Pirates of the Caribbean: On Stranger Tides

Pirates of the Caribbean: On Stranger Tides

(M) Johnny Depp, Penelope Cruz, Geoffrey Rush, Ian McShane

Captain Jack Sparrow has changed the way we think about pirates — single-handedly associating them with ’60s rock stars — and one can’t help but wait for the latest instalment in this very popular franchise.

The second and third in the Pirates series got longer and harder to follow. By At World’s End the films had all but run out of puff.

So it’s a great relief then that this latest outing heralds a return to form with a sleeker and simpler storyline – that of the race to find the fabled Fountain of Youth – and an engaging new cast with Angelica (Penelope Cruz) and her formidable father Blackbeard (Ian McShane).

The rules of the Fountain of Youth are simple: collect two chalices, get one mermaid’s tear and find the fabled cave.

Once we’re on the high seas and on Blackbeard’s galleon, the ornery cast of characters is evened out by a missionary named Phillip (Sam Claflin) who is strapped to the mainsail to pray for everyone’s soul, for Blackbeard’s pirates have been turned to zombies to do his bidding — all the better to thwart any mutinous thoughts.

The rules of the Fountain of Youth are simple: collect two chalices, get one mermaid’s tear and find the fabled cave. This very simple narrative device allows the screenwriters to focus on character and even develop a back story for Angelica and Jack.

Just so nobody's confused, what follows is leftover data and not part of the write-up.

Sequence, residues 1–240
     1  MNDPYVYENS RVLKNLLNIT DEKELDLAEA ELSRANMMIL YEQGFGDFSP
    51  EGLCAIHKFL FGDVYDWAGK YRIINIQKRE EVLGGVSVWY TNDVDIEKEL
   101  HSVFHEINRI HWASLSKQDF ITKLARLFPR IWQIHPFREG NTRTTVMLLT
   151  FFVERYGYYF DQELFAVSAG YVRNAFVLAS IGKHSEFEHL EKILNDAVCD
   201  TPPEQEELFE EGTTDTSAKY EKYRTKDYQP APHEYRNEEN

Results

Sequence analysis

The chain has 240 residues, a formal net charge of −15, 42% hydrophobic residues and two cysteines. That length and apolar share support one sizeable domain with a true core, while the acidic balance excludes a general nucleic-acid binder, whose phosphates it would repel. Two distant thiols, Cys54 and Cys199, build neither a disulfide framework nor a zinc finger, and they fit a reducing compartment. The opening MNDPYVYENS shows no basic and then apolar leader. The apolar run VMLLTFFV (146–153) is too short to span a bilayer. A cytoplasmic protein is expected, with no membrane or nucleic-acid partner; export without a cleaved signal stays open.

The race toward the prize has the Spanish, Barbossa (Geoffrey Rush) and Blackbeard (with Sparrow in tow) but the twist is that not everyone has the same prize in mind.

There has been an obvious attempt to revisit the young love motif created by Elizabeth (Keira Knightley) and Will (Orlando Bloom) in the first trilogy with the somewhat superfluous — but touching — story of Phillip (Claflin) falling for the misunderstood mermaid Syrena (Astrid Berges-Frisbey). But this subplot feels tacked on to the quest.

The cast is obviously having fun and its something that attracts hilarious cameos from Dame Judy Dench and Keith Richards.

Blackbeard is a much better character than Davy Jones was in the first trilogy. Jones was a wholly digital character (performed by Bill Nighy), whereas McShane’s performance is sans makeup (save some subtle smouldering beard plaits) and is the sort of dread pirate villain you expect.

The ever-excellent Geoffrey Rush again makes Barbossa one of the series best villains. Perhaps my only criticism of Rush is there isn’t enough of him on screen.

Simpler CGI-enhanced action means it all feels real — a palm tree catapult, a complex palace escape and the climax are all the better for not being giant spectacles.

In fact all the special effects are more subtle in this outing, making the film feel more character-driven and interesting.

This is good simple fun, although I’m not sure that the fun will quite last to another whole trilogy. For now, Sparrow garners enough goodwill to get this one clearly over the line.

Adrian Drayton

Enter our Pirates of the Caribbean: On Stranger Tides Competition here.

 

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